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Re: Idea for reducing disk IO on tagging operations

From: Mark D. Baushke
Subject: Re: Idea for reducing disk IO on tagging operations
Date: Sun, 20 Mar 2005 14:08:59 -0800

Hash: SHA1

Dr. David Alan Gilbert <address@hidden> writes:

> * Mark D. Baushke (address@hidden) wrote:
> Hi Mark,
>   Thanks for your reply.
> > Dr. David Alan Gilbert <address@hidden> writes:
> > 
> > > So - here are my questions/ideas - I'd appreciate comments to tell
> > > me whether I'm on the right lines:
> > >   1) As I understand it the tag data is the
> > >   first of the 3 main data structures in the RCS
> > >   file (tag, comments, diffs) and that when I do
> > >   pretty much any CVS operation I rewrite the
> > >   whole file - is this correct?
> > 
> > CVS write operations on a foo.c,v repository file
> > will write ,foo.c, and then when the write
> > operation is successful and without any errors, it
> > does a rename (",foo.c,", "foo.c,v"); to make the
> > new version the official version. While the
> > ,foo.c, file exists, RCS commands will consider
> > the file locked.
> > 
> > It is desirable to use RCS write semanitcs as many
> > other tools out there (cf, ViewCVS) use RCS on the
> > repository and want to obey RCS locking.
> OK, if I create a dummy ",foo.c," before
> modifying (or create a hardlink with that name
> to foo.c,v ?) would that be sufficient?

I would say that it is likely necessary, but may
not be sufficient.

> Or perhaps create the ,foo,c, as I normally
> would - but if I can use this overwrite trick on
> the original then I just delete the ,foo.c,
> file.

I am unclear how this lets you perform a speedup.

> Is the problem that things are allowed to read
> the original foo.c,v while you are creating the
> new version?

I am given to understand that many of the
anicillary tools that surround CVS make use of
being able to read a consistent ,v file at all

> > >   3) So the idea is that when I add a tag I add
> > >   a bunch of white space after the tag (lets say
> > >   1KB of spaces split into 64 byte lines or
> > >   similar); when I come to add the next tag I
> > >   check if there is plenty of white space, if
> > >   there is then instead of rewriting the file I
> > >   just overwrite the white space with my new tag
> > >   data; if there is no space then as I rewrite
> > >   the file I add another lump of white space.
> > 
> > This has the potential to more easily corrupt the
> > RCS file if the operation is interrupted for any
> > reason.
> The act of rewriting adding extra space would be
> performed using the existing mechanism (with
> just some extra add space created in
> RCS_rewrite); so that can't be a problem.

Adding extra data to the ,foo.c, file during the
normal write operation should not be a problem.

> So the issue is what happens if the interrupt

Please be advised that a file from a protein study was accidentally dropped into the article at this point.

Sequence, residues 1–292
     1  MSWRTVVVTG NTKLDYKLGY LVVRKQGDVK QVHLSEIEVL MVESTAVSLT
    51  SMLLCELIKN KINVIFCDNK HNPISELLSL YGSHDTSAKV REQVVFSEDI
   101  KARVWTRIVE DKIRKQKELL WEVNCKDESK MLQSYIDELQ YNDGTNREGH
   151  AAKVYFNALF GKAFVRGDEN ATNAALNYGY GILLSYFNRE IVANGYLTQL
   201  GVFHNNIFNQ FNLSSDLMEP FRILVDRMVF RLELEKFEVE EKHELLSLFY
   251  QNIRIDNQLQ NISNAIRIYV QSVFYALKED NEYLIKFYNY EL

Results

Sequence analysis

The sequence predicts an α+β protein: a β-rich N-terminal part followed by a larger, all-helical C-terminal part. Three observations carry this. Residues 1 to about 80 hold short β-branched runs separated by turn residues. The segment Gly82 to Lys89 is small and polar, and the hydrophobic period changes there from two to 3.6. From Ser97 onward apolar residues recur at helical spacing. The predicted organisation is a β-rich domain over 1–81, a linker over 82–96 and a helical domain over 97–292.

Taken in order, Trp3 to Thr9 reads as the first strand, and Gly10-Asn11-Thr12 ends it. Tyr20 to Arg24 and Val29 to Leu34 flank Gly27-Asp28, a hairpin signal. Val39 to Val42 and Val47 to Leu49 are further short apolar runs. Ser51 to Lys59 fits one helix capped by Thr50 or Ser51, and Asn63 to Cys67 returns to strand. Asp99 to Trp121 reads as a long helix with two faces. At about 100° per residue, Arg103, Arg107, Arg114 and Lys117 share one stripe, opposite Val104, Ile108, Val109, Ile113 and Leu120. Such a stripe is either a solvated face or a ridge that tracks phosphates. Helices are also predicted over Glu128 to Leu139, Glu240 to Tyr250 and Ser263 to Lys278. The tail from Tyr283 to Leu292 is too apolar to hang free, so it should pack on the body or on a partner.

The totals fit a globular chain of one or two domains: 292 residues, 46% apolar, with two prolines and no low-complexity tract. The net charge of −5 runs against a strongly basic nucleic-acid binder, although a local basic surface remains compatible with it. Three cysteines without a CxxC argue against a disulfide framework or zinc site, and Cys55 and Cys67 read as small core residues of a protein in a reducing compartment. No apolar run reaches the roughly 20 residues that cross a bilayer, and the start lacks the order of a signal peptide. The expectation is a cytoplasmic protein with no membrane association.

> occurs as I'm overwriting the white space to add
> a tag; hmm yes; 

Correct. Depending on the filesystem kind and the
level of I/O, your rewrite could impact up to three
fileblocks and the directory data.

> is it possible to guard against this by using a
> single call to write(2) for that? 

Not for all possible filesystem types.

> Is that the problem you are thinking of?

Yes. Even worse things can happen in this regard
if the filesystem is a 'stateless' one such as an
NFS mounted directory (we keep advising folks
against using them, but I know for a fact that
they are still used).

> > It would be more robust to enhance CVS to use an
> > external database for tagging information instead
> > of putting the tagging information into the RCS
> > files directly than to rewrite parts of the RCS
> > file and hope that the operation didn't corrupt
> > the file along the way.
> Sure, seperating the tagging data out is much
> neater; but what I was looking for here was a
> simple speed up which didn't require anything
> extra and would be fully compatible with
> existing tools.

And you are finding that existing tools torture
the assumptions you are able to make about the CVS

FWIW: (In my personal experience) using a SAN
solution for your repository storage allows you
much better throughput for all write operations in
the general case as the SAN can guarentee the
writes are okay before the disk actually does it.

Optimizing for tagging does not seem very useful
to me as we typically do not drop that many tags
on our repository.

> > You may wish to consider looking at Meta-CVS
> > as I believe that Kaz keeps a lot of the
> > branching information outside of the RCS files
> > already.
> > 
> > See
> > for more details on Meta-CVS.
> If I was changing to another tool then I'd have
> a much larger set of tools to consider (e.g.
> subversion) but I'd rather stick with plain CVS
> if I can - I've got clients on lots of (weird)
> OSs that work via pserver and an infinite number
> of scripts built around CVS.

Indeed. Part of the difficulty with CVS
development has been worrying about legacy
software assumptions.

        -- Mark
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